Connecticut Ag Department Gets Custody of Seized Herd

A judge in Hartford, Connecticut, awarded the state’s Department of Agriculture custody of 32 horses seized last month from their owners.

Last fall, an East Hampton, Connecticut, animal control officer responded to a complaint from an owner who had leased four horses to Thomas and Melanie Olajos, who bred Frisian, Andalusian, and Gypsy Vanner horses at Fairy Trail Equine Facility. The complainant stated that the horses were all emaciated when she retrieved them; a veterinarian later diagnosed those horses with malnutrition and parasite infestation. Department of Agricultural animal control officers subsequently visited the farm and found no hay or grain available to the horses, and that nearly half of the horses on the property were underweight displaying signs of malnutrition including muscle wasting, protruding hip bones, and visible ribs and spines. Thomas Olajos was subsequently instructed to provide the animals with hay and clean water and to obtain professional veterinary and farrier services for the animals. In December 2015, inspectors found that the horses did not have access to food or water.

On Feb. 2, Department of Agriculture seized 32 horses, along with dogs and other animals, from Fairy Trail Equine Center.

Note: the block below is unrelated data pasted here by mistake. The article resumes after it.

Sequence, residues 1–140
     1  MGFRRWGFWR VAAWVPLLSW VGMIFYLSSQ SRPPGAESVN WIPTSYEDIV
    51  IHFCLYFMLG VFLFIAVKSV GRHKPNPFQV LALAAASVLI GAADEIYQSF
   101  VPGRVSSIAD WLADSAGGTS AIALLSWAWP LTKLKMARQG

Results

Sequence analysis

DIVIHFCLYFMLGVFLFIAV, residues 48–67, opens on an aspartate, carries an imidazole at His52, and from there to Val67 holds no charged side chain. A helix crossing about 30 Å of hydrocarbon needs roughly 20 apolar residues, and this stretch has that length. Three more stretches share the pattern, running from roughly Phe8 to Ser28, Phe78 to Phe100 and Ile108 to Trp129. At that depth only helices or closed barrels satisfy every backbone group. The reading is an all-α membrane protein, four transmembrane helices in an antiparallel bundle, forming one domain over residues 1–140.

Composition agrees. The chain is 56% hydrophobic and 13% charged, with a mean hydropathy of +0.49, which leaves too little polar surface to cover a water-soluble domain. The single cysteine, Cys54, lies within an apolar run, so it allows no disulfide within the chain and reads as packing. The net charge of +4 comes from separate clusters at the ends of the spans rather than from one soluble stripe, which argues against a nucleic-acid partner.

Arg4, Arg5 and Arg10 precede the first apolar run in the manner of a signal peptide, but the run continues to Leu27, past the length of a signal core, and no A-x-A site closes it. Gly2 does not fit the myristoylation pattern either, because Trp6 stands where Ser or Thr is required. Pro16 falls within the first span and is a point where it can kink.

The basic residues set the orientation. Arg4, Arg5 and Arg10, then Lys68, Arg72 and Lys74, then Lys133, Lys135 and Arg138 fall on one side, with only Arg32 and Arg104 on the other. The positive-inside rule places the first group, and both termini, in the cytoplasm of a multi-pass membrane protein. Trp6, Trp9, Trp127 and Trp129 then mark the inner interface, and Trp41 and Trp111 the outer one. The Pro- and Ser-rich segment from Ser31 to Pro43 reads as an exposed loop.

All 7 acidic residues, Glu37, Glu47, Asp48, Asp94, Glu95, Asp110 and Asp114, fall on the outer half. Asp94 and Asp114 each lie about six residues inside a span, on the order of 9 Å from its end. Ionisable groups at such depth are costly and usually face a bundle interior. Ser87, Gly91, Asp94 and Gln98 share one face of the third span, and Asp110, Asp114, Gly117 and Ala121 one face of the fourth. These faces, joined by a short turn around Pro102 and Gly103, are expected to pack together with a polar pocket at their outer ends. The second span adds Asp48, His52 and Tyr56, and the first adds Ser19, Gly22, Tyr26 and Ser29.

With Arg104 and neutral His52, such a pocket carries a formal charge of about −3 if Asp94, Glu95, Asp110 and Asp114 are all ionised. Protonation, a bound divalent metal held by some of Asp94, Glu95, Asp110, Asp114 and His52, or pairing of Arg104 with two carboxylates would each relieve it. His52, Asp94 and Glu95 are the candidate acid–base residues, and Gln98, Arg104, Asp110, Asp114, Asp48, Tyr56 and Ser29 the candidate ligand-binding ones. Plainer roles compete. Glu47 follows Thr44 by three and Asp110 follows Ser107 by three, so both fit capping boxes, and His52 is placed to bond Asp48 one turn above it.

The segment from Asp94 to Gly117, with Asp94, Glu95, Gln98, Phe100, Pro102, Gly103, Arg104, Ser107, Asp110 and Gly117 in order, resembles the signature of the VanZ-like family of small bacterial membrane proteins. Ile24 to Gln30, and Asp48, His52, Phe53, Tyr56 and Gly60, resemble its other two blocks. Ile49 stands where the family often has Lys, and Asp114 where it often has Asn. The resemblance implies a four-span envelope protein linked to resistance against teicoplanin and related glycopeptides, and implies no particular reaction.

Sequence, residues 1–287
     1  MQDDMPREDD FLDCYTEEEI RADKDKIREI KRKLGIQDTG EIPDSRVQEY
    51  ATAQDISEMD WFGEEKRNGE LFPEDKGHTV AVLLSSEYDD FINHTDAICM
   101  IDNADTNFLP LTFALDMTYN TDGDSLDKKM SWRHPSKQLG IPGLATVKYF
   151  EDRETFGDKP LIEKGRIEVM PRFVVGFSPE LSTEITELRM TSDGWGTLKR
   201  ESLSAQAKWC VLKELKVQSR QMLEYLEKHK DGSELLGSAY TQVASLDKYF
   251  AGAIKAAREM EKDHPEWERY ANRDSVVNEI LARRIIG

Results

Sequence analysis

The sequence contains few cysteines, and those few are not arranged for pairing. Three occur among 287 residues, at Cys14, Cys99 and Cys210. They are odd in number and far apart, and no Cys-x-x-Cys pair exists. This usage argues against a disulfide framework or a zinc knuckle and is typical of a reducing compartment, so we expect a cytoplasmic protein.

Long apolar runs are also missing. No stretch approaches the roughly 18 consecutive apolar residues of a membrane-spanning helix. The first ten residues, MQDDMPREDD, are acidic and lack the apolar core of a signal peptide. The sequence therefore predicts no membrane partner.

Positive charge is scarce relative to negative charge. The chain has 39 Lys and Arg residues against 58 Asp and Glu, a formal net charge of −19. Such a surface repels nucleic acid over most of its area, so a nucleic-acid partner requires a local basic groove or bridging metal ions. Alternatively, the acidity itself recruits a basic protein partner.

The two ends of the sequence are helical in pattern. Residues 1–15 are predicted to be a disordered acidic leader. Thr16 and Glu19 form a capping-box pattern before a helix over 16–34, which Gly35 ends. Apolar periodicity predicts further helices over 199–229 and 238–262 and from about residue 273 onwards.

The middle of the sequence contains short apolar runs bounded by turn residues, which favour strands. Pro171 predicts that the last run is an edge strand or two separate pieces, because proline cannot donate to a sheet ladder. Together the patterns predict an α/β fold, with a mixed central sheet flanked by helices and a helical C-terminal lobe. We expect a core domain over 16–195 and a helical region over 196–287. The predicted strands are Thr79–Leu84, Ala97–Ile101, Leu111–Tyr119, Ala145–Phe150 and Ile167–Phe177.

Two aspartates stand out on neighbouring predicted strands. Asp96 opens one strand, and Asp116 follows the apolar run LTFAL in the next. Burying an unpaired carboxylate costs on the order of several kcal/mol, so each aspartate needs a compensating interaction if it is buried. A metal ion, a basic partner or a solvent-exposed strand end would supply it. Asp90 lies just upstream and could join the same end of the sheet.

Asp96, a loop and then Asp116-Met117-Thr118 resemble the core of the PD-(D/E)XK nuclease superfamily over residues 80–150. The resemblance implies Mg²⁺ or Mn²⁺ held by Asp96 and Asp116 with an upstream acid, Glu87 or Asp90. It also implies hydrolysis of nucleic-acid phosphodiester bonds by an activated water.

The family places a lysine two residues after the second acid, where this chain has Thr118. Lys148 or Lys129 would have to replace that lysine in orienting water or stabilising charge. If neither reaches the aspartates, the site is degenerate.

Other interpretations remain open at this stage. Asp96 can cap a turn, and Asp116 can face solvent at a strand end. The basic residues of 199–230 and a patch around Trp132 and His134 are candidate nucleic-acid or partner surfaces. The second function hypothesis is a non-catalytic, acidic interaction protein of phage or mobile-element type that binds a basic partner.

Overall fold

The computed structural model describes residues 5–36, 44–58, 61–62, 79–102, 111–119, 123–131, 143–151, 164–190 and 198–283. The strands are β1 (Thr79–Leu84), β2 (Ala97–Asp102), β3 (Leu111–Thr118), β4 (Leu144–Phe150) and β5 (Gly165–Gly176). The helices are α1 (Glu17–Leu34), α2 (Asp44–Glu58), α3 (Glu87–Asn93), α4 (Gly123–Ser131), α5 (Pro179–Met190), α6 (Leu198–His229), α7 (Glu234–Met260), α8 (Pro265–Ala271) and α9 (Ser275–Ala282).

On March 4, Thomas and Melanie Olajos were arrested and each charged with 35 counts of animal cruelty. Of those, 32 counts were directly connected to the 32 seized horses.

On March 8, Hartford Superior Court Judge Nina Elgo awarded permanent custody of the herd to the Connecticut Department of Agriculture. Steve Jensen, Department of Agriculture representative, said the ruling was based on an agreement between the department and the horses' former owners that was struck just before the hearing was to begin. The deal allows the state to seek new homes for the horses.

The Olajos' attorney, Ryan McGuigan, said his clients made the agreement in the animals' interest.

“My clients have agreed to relinquish custody and control of the animals … so that the animals can find good homes,” McGuigan said.

Thomas and Melanie Olajos are slated to appear in court to answer the charges on March 15, McGuigan said.

About the Author

Pat Raia

Pat Raia is a veteran journalist who enjoys covering equine welfare, industry, and news. In her spare time, she enjoys riding her Tennessee Walking Horse, Sonny.

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